On the morning of his 37th birthday, struggling novelist Michael (Adam Scott, Step Brothers) receives a cryptic telephone call from his shifty ex-junkie brother Tobey (Joel Bissonnette) asking for Michael to chauffeur him around Los Angeles County to attend a series of job interviews. So begins Passenger Side (Axiom Films), the latest movie from hotly-tipped indie filmmaker Matthew Bissonnette -the brother of aforementioned actor Joel. Despite harbouring suspicions of his brother’s motivations for undertaking the road-trip -he is convinced that Tobey is on a mission to score street drugs -Michael is happy to go along for the ride, even if it means postponing a romantic assignation with his enigmatic girlfriend.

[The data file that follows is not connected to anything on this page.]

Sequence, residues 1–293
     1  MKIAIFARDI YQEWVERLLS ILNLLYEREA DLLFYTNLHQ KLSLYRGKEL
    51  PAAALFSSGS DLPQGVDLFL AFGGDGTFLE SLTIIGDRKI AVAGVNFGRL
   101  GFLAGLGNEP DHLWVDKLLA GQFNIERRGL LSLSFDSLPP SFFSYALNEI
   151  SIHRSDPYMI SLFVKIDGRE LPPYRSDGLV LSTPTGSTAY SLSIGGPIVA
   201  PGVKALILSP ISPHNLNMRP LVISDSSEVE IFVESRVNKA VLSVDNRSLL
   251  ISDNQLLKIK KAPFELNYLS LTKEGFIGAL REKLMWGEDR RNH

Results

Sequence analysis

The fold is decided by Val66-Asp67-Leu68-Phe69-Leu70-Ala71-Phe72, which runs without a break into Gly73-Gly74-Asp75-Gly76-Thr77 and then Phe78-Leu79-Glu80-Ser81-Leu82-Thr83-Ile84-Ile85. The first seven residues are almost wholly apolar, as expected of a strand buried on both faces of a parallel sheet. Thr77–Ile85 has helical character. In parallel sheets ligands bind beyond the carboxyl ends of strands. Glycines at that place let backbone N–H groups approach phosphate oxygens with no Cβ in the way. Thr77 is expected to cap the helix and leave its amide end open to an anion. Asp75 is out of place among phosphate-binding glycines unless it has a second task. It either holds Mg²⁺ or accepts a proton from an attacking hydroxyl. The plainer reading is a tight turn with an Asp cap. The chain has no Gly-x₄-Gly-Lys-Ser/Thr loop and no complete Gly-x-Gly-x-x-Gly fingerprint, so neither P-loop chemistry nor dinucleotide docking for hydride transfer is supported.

Although the ‘mis-matched slacker road-trip’ genre has been flogged to within an inch of its life in recent years, Bissonnette imbues Passenger Side with an appealing sense of personality that sets it apart from other similar material. However, despite some excellent moments -not least the eye-opening ‘in-car entertainment’ provided by drug-addled prostitute early in the movie -Passenger Side is frustratingly under-written in places, and never quite manages to sustain its early comedic promise. That said, book-ended by slacker anthems Punks In The Beerlight (by the Silver Jews) and Hard Drive (Evan Dando), the soundtrack to the brothers’ offbeat odyssey is pitch-perfect, and helps to distract you from some of the film’s more aimless interludes. All in all, a worthwhile journey, but not quite the minor classic it could have been.